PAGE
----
"A rubber tire is usually made up smaller than the rim of the wheel it is intended for, aud is held in its place by being stretched into a groove, brmed in the wheel by putting flanges on e;ich side of the rim. The defects of this plan are that when the wheel is pivoted upon its base, as when the machine is turning a corner, the rubber tire is wrung or twisted by the screwing motion of the wheel upon the ground, and directly a part of it is raised a little above the edge of the llange, the whole of the tire instantly springs out of the groove. To get it back is a job of some difficulty, especially if the accident happens when on a journey, us it takes at least two or three pairs of hands, and some little skill to stretch it in again. The stretchingou of the tire is intended to prevent it from being twisted out by making it impossible to stretch it further. This plan not only frequently f;ils to effect its object in that respect, however, but it exposes the tire to a constant daugcr of, if possible, a worse kind in another way. Stretched rubber gapej wherever it is cut, and as a very few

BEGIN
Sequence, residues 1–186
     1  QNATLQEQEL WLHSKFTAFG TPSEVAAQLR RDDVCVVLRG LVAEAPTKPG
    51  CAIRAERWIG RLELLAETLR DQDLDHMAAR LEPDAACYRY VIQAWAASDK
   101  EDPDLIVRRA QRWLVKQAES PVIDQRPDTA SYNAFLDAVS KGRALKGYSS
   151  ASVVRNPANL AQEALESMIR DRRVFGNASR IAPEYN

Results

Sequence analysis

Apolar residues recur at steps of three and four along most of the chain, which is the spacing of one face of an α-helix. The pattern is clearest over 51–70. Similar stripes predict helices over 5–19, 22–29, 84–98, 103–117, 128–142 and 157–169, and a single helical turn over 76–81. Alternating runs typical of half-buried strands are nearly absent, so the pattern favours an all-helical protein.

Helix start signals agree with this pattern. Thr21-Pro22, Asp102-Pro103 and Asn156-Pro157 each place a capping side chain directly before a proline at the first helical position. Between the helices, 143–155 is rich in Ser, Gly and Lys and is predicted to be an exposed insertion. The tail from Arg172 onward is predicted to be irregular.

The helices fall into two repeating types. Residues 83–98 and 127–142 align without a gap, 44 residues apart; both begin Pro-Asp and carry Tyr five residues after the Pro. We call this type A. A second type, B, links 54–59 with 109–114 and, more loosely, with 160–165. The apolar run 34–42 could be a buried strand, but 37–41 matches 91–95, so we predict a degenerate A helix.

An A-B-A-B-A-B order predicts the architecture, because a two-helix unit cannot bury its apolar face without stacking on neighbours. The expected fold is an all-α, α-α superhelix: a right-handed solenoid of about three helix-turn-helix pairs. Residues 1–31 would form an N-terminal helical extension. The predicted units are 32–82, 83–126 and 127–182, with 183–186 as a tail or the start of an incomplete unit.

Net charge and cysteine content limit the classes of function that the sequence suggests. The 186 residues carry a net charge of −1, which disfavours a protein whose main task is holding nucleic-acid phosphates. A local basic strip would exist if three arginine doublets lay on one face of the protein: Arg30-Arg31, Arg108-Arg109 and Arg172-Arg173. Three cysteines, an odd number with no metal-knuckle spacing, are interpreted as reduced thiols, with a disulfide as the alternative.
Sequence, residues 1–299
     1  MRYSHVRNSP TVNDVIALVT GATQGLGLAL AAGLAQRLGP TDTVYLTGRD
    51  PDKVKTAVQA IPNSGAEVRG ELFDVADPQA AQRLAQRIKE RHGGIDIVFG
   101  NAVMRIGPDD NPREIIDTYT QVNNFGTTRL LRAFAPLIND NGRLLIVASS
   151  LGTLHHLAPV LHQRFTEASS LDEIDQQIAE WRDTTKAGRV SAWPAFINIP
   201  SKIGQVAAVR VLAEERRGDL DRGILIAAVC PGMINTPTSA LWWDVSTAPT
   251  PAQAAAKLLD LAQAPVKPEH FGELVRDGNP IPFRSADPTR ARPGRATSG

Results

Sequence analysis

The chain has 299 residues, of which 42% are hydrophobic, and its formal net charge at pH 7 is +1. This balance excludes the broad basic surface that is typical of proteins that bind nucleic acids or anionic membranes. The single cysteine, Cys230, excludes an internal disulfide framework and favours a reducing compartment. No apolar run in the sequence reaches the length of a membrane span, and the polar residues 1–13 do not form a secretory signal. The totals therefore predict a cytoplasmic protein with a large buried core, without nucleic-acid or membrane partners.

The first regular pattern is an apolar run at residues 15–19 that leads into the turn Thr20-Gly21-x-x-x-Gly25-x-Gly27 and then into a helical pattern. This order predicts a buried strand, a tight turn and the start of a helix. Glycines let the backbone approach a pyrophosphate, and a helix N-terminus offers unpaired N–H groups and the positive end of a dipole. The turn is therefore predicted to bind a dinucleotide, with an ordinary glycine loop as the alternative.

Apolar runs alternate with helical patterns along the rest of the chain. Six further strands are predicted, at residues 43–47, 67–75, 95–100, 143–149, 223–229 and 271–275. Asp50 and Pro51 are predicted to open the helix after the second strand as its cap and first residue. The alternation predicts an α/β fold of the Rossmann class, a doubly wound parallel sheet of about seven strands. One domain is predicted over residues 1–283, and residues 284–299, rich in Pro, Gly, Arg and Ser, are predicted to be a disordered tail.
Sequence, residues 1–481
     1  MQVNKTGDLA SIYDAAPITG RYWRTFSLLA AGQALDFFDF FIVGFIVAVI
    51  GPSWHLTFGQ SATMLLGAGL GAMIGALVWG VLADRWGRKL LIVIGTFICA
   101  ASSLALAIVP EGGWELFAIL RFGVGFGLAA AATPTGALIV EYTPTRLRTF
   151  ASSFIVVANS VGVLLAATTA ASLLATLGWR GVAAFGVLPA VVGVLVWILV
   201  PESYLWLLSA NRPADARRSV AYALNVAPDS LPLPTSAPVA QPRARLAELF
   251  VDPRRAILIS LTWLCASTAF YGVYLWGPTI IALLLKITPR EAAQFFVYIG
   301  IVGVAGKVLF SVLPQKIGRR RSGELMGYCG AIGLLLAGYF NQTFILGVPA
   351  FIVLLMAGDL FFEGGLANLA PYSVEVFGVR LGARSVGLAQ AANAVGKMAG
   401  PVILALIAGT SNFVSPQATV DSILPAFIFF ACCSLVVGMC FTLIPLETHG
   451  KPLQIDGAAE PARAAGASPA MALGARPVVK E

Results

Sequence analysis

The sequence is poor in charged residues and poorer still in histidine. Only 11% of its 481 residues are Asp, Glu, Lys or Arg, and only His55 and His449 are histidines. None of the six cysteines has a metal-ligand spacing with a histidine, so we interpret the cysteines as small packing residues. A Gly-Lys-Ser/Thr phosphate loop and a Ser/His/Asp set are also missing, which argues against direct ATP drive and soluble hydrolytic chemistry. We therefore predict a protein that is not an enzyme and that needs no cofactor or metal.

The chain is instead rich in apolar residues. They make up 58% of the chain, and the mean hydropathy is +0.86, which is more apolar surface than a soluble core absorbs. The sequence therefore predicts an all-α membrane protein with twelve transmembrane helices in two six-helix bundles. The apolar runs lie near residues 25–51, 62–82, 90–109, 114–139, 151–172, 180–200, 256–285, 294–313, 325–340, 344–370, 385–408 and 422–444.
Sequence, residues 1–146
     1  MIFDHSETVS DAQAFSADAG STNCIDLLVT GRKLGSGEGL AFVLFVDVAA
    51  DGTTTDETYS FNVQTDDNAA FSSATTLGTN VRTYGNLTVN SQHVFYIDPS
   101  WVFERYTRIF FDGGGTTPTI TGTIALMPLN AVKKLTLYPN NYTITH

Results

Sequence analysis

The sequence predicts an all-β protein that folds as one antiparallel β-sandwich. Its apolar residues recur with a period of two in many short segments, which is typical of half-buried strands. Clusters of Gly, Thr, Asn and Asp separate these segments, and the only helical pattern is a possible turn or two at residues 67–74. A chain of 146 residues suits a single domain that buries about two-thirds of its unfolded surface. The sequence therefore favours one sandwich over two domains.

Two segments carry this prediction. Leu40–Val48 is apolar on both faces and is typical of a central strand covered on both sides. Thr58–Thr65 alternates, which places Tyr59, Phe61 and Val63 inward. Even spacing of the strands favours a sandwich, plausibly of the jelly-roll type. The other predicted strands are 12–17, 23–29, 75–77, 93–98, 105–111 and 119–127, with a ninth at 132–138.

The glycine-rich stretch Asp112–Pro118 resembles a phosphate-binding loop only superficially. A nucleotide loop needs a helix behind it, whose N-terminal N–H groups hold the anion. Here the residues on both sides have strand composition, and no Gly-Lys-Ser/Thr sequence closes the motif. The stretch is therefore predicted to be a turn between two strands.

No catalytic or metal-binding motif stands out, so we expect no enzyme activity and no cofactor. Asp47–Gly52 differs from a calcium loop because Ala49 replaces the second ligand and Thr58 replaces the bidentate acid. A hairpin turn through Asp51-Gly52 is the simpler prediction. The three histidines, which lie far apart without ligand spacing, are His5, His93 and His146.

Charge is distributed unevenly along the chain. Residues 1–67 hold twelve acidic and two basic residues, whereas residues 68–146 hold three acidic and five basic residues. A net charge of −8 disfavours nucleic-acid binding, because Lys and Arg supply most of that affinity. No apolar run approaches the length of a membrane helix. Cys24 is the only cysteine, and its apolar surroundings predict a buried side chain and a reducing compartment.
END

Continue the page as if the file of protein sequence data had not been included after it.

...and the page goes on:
weeks* wear, especially iu districts wherethc roads are macadamised, produces a good many cuts in the tire, the result is that it is disfigured by a number of ugly Raps, and is drawn up into thick and thin places, instead of being of an even thickness throughout its circumference. It then makes tha machine bump and down, and becomes more of a nuisance than an advantage, and hv-and-bye the contractile tendency is strong enough in the thick parts to tear the tire completely asunder at one or other of the thin places.